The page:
He opened his eyes to find her watching him with one of the more serious looks he'd ever seen on her face. "It was laryngitis," he said, dry as he could manage. "Not ebola."

A corner of her mouth tugged up into a reluctant half-smile and she reached for the column of his neck. "But your voice." Her touch was light, he knew, but she might as well have dropped an anvil on his chest.

His throat moved against her hand as he swallowed. "My voice is fine." He wrapped his fingers carefully around her hand and brushed his lips over the thin skin of her wrist, across the same tattoo he carried on his own. "I promise."

She nodded, her breath shaky, and then she gathered herself: took a deep breath, tossed her hair, arched an eyebrow. "Come inside and prove it, then," she said. "Big show tonight."

*

The big show was the AMA Awards at the Ryman, where John Paul had dreamed of playing ever since he first picked up a guitar as a kid. It was just the one song, but he was so nervous he thought he might throw up.

By the end of the night, they hadn't won anything, but they didn't care. Their voices mingled and soared to the rafters, reached the stained glass at the back, brought the crowd to its feet in a relentless blur of noise and motion. In their dressing room, JP buried his face in Joy's hair and fought the tears away.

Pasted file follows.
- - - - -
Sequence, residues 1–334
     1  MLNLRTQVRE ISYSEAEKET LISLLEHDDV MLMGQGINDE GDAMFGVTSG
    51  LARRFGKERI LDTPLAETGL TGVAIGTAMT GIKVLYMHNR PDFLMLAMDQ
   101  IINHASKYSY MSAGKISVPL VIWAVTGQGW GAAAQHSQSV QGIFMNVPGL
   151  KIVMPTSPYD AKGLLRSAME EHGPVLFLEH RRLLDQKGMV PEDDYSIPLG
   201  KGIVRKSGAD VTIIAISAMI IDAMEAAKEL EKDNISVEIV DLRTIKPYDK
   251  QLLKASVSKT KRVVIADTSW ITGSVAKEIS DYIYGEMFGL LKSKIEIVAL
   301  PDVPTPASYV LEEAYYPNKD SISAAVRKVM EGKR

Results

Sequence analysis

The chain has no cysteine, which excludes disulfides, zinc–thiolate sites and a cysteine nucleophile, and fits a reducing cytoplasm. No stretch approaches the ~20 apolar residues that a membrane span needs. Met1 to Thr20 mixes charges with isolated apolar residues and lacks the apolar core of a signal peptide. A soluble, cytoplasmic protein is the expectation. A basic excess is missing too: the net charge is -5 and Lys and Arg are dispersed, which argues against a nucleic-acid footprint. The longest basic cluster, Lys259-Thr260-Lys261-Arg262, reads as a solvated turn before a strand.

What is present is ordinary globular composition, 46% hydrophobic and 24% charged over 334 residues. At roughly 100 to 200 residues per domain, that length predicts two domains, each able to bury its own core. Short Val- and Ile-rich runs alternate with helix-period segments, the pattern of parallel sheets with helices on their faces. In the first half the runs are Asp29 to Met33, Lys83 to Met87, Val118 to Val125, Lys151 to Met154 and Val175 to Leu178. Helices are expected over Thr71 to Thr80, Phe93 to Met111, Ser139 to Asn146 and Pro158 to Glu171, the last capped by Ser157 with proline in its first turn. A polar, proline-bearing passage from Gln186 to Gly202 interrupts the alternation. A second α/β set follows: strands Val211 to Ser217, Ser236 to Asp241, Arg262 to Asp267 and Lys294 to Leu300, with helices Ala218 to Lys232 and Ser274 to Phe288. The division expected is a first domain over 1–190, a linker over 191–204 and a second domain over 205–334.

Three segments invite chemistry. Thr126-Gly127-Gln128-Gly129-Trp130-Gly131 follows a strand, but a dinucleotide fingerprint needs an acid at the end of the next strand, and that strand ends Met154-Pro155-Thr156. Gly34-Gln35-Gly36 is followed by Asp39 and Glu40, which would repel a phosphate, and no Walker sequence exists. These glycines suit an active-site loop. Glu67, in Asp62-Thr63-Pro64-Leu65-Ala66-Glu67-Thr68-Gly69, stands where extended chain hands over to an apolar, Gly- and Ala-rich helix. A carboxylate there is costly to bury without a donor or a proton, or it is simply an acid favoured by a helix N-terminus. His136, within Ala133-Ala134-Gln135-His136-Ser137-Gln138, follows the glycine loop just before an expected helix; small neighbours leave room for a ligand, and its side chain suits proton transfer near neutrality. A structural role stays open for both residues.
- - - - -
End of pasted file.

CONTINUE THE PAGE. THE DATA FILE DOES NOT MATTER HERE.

Joy didn't bother. She looked at him with a wobbly smile and mascara streaking her face and said, "pinch me."

He did it, and when she yelped in feigned offense over the pain, he kissed her arm to make it better. She caught her breath so he did it again, and before he was entirely aware of it, he'd laid a line of kisses down her arm and was tasting the bend of her elbow. She moved closer, her other hand tangling lightly in his hair and urging him on. He kept going, lips and teeth and tongue and stubble dragging toward her wrist, where he tasted the tattoo and tongued at the pulse point. Her heart hammered in time with his own. Her nails raked the back of his neck. His head swam. He scraped his teeth over the heel of her hand, sucked the tip of a finger into his mouth.

Felt her wedding ring.

Stepped away.

*

By November, Joy was pregnant. She didn't say so, but JP wasn't completely clueless; he had kids of his own. He knew Joy's habits, her moods, her expressions, her body. They'd been living together on a bus for months, and before that in a van. It was impossible to miss the fact that she'd stopped drinking and started sleeping all the time, that she filled out her little black dress in ways she hadn't before, that every ten minutes she was hurling herself in the direction of the nearest commode. She was nauseous more than she wasn't, often staggering to the wings during their sets to be sick between songs.